Pathogens can disperse by a few methods including water and wind, but also by using a carrier, that is, by attaching seeds or spores to living creatures. Hitching a free ride can be a highly effective way of dispersing, and invasive species spreading this way can have dramatic consequences for the local ecosystem and ecology. Once a weed is established, it is extremely challenging to remove it: better to stop weeds entering native areas in the first place. Phytophthora, a soil-borne water mould, has had devastating effects on plant communities in the Sydney region. Spread via water, soil and human activity, it has effectively dispersed into many native vegetation patches around Sydney, and local management authorities and community groups are working hard to combat the spread.

Bushwalkers are perfect carriers not only for pathogen spread but invasive weeds too because they often go between urban and predominantly native areas, and generally travel considerable distances. National park trail heads quite often have cleaning stations where visitors are asked to clean their boots to ensure they don’t bring anything into the park. Being particularly good at spreading weeds and pathogens, it’s vital that bushwalkers do as much as possible to prevent it.

Set good examples to the group and other bushwalkers. Here are some tips to prevent the spread of pathogens and seeds.

  1. Check park guidelines: some areas have specific problems and management strategies that all park visitors must follow.
  2. Make sure that clothes and footwear are clean of all organic matter including mud, seeds, spores and burrs before heading into the bush. Check upon return too.
  3. Never discard fruit and vegetable in the bush: they can germinate into non-native plants. Also, take care when eating not to drop any material or leave food behind at lunch and rest stops.
  4. If walking through farmland or areas with lots of weedy species, avoid wearing materials on the lower half that make it easy for seeds and spores to stick to. Cobbler’s pegs (Bidens pilosa) is a nightmare weed in Australia, with numerous peg-like seeds sticking easily to woolly socks and thermal materials.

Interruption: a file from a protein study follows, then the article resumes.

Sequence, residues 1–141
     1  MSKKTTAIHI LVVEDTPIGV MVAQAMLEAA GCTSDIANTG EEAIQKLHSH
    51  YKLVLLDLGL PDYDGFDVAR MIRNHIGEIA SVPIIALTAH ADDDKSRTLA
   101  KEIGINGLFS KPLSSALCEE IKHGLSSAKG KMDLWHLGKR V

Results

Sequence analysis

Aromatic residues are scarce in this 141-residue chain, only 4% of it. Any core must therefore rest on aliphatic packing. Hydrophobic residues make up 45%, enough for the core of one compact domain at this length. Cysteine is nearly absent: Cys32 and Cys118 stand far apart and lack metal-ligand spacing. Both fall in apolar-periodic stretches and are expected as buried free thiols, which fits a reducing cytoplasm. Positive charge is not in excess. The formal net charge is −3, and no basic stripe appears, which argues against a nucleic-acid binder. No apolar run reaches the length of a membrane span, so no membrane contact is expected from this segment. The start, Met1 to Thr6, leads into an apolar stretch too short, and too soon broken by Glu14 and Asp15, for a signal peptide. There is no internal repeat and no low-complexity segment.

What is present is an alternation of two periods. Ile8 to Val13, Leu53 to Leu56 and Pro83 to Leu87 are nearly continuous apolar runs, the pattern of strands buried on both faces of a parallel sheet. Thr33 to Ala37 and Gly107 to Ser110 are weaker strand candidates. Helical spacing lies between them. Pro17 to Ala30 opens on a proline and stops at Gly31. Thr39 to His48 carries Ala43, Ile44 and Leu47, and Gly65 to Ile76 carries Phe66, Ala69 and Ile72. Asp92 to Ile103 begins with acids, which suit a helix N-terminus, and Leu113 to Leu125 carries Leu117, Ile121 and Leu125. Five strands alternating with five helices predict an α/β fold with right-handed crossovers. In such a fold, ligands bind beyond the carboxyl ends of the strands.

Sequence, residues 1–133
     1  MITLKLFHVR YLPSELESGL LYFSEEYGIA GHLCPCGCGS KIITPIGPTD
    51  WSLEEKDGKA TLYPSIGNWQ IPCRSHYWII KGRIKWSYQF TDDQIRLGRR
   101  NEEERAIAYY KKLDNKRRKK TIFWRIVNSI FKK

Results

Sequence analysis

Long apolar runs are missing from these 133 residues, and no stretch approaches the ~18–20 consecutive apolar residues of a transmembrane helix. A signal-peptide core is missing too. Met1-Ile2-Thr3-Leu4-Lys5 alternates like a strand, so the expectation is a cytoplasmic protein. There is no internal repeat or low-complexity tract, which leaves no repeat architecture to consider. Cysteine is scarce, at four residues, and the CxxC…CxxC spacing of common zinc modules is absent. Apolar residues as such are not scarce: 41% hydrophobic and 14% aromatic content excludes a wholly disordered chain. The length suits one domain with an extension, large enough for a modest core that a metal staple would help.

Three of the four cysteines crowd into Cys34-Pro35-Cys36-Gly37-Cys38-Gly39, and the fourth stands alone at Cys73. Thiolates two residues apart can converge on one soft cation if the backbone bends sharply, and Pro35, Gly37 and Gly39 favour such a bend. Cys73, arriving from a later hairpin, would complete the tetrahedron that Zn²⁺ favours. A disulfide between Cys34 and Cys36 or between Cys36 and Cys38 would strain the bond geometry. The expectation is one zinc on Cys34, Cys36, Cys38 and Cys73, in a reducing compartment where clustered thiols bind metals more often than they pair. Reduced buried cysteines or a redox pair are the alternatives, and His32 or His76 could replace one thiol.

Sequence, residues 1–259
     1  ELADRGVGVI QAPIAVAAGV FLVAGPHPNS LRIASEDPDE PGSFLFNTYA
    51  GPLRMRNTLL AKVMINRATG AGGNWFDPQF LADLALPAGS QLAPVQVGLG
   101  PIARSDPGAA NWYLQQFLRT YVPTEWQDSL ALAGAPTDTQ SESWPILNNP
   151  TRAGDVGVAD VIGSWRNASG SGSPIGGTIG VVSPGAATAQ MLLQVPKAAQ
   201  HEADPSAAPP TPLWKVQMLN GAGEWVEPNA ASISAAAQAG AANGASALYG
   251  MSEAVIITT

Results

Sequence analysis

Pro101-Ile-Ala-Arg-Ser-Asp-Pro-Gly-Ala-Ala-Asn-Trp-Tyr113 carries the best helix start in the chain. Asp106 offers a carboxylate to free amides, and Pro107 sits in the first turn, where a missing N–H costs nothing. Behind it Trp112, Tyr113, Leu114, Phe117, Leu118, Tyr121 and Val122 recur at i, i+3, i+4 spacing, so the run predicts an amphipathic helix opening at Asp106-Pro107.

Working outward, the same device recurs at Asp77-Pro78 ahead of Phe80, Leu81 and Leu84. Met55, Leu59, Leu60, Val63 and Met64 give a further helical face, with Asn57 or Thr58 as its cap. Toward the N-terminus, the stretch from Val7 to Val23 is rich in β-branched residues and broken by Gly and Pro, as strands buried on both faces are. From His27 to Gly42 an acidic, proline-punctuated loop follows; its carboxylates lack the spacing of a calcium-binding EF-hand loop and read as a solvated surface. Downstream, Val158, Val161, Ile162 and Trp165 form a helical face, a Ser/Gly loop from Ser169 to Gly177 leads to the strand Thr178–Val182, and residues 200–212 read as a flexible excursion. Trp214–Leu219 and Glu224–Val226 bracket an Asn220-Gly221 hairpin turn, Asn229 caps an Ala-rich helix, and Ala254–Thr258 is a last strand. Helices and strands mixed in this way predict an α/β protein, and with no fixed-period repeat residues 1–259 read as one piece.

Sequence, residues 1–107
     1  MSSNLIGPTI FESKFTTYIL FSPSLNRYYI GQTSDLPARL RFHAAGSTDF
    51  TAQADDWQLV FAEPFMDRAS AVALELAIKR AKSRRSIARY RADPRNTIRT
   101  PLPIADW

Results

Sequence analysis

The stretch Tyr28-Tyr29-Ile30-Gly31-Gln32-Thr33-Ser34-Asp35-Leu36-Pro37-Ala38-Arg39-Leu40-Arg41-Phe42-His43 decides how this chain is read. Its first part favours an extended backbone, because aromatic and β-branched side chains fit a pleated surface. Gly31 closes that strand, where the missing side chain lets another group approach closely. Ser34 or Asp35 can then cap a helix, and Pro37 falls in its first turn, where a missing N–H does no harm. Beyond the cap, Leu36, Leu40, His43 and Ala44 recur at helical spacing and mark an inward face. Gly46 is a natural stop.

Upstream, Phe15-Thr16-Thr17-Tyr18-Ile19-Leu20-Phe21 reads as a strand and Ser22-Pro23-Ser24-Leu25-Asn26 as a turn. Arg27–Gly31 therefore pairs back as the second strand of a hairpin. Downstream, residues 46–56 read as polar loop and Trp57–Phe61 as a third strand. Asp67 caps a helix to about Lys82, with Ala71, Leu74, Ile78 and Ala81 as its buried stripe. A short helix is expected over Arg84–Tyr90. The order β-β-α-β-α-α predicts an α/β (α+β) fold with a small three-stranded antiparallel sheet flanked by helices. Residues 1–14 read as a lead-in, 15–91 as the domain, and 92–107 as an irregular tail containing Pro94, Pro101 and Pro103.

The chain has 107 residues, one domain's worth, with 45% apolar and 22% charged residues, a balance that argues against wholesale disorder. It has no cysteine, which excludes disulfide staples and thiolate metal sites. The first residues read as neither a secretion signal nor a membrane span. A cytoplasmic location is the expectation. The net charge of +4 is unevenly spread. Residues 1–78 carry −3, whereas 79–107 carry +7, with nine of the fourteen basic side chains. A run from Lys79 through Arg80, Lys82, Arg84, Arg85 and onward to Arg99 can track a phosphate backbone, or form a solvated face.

5. If seeds are caught on gear or clothing, remove seeds, place in a plastic bag and carry them out.
  6. It’s helpful to know some basic botany: get to know some common weed species. Join a local bushcare community group or community action day to look after local areas.



When to use gaiters


The mountains are calling and I must go


Gaiters provide boot and leg protection against vegetation, pebbles, dirt, mud and snow. They’re helpful in muddy conditions, on tracks with abrasive or stinging scrub, and on off-track walks. In a recent survey about two-thirds of respondents advised that they wore knee-length heavier gaiters most if not all the time while bushwalking.

Materials and Design
Gaiters typically comprise of water resistant uppers that are held in place with Velcro, lace hooks and straps that run underneath the boot.


The level of protection depends on the type of material that the gaiters are made from, and how tall they are. Ankle gaiters only cover the ankle region providing minimal protection and are best for walks with only small amounts of debris, mud and water. Knee-length gaiters cover the whole length of the leg below the knee, giving superior protection.

Typical waterproof materials include:

  • Coated nylon
    Most common material used. Lightweight, but less durable than other materials below.
  • Gore-Tex®
    Excellent waterproof and windproof material that also is breathable.
  • Cordura® nylon
    Strong fabric designed to withstand abrasion by rocks and ice.
  • Schoeller® fabrics
    Waterproof, stretchy and flexible.

Select gaiters that give a snug fit, provide the best possible seal and best suits the expected terrain and weather conditions.

Gaiter use
Bushwalkers tend to use gaiters more as they go on more trips. Gaiters are generally not needed on easy to moderate walks. On harder walks, in wetter and muddier conditions and particularly off-track walks, gaiters are very desirable.

The advantages of gaiters are:

  • Footwear, socks, trouser and leg are protected from scrub, sticks, dirt, pebbles, mud and other debris.
  • Prevents debris getting into footwear.
  • Easy to clean and remove biological material.
  • Provides some resistance to snake bites (see below), leeches and ticks.
  • Can be used in tent vestibules to cover dirt or mud.

Some disadvantages of gaiters include:

  • Some gaiters are not very breathable; sweat accumulates.
  • Can hide leeches and ticks. User must be careful to check underneath gaiters for hitch-hikers at breaks.
  • More time needed to change footwear for river crossings.
  • More time needed to get ready in the morning or after lunch breaks if gaiters are taken off, which is a good idea because sweat accumulates.

Bushwalking gaiters do not protect against snake bites. While thicker knee-length gaiters afford better protection than any other option, they do not guarantee non-penetration by a snake, and snake bites should still be treated even if there is no visible wound. Also, given the tendency for gaiters to collect mud, seeds and spores, users must take biosecurity issues seriously and properly clean gaiters after every trip.